Sunday marked the first day of Dave Loebsack's retirement after seven terms in the U.S. House. On Wednesday, he watched from home as protestors violently overtook the storied Capitol building.
Loesback, an Iowa City Democrat who taught political science at Cornell College before becoming a congressman, likened Wednesday's violent protest to a coup d'etat.
"I used to teach about other countries, and took students to other countries, where this sort of activity happened all the time — or at least from time to time," Loebsack said. "And when you say coup, or a coup d'etat, you mean a forceful overthrow of the state. And that's really what this was today, an attempt at a coup."
As Loebsack watched from 700 miles away he said he believed behavior from President Donald Trump spurred the violence from protestors who carried Trump flags and wore Trump apparel.
"After having served [in the U.S. House] for 14 years, it's just hard to imagine that something like this could possibly happen here in the United States," Loebsack said. "And unfortunately, I think we just have to lay this at the feet of the President of the United States at this point."
Over the years, Washington has seen its fair share of protests, and violent protests. But Loebsack says nothing in modern America compares to what happened Wednesday.
"There's not been a storming of the Capitol like this, this is pretty much unprecedented," he said.
The protests came after weeks of rhetoric from Trump and his allies that the election he lost was fraudulent and stolen from him. The claims have been unfounded, and lawsuits have been thrown out of courtrooms across the country en masse — even when presented before Trump-appointed judges.
On Wednesday, the U.S. House and Senate gathered in joint session for what normally is a mundane approval of the electoral college vote, which would formally cement President-elect Joe Biden's win.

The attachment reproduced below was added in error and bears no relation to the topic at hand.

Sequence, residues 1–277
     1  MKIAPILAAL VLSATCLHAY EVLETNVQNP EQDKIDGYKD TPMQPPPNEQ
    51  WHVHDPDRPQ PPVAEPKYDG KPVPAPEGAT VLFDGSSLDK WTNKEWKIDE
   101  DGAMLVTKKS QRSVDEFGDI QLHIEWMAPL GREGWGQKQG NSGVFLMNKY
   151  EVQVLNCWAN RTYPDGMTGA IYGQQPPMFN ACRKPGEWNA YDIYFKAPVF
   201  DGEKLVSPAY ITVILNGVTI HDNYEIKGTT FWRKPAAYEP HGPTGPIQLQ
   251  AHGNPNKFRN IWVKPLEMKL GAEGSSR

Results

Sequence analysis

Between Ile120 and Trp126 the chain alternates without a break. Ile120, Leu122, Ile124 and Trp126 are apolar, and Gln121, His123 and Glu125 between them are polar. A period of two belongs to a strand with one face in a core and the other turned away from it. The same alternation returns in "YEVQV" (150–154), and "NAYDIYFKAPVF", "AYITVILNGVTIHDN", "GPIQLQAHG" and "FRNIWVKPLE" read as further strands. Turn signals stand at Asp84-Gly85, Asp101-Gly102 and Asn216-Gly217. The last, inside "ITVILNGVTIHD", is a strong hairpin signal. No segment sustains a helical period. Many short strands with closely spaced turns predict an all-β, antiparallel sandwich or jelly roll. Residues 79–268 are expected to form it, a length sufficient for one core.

Several Republicans had vowed to challenge more than a handful of states under the false claims of election fraud in an effort all-but-certain to fail at changing the result.
Not all Republicans were on board, however. Majority Leader Mitch McConnell, a Kentucky Republican, said Wednesday morning from the Senate floor that the election was over.
"The voters, the courts, and the states have all spoken," McConnell said. "If we overrule them all, it would damage our republic forever."
As protestors stormed into the Capitol building, the House and Senate were in separate sessions debating the first challenge of the day: Arizona.
Once peace is restored, Congress will need to return to session to finish that process. Loebsack is hopeful that many of the members challenging will see Wednesday's events as a reckoning and change course.
"They're not stupid people. They know that the cases they're bringing don't have merit," Loebsack said. "They know that."
Loebsack said their challenges are for "craven political reasons," and fears of future primary challenges or hopes they can win over support from Trump's base to further political aspirations.
"We need people who are in that body ... to have the courage to stand up and say, 'This is what this has led to, this is way beyond the pale,'" Loebsack said. "And I would like them to withdrawal whatever opposition they have ... and make this go as smoothly as we possibly can."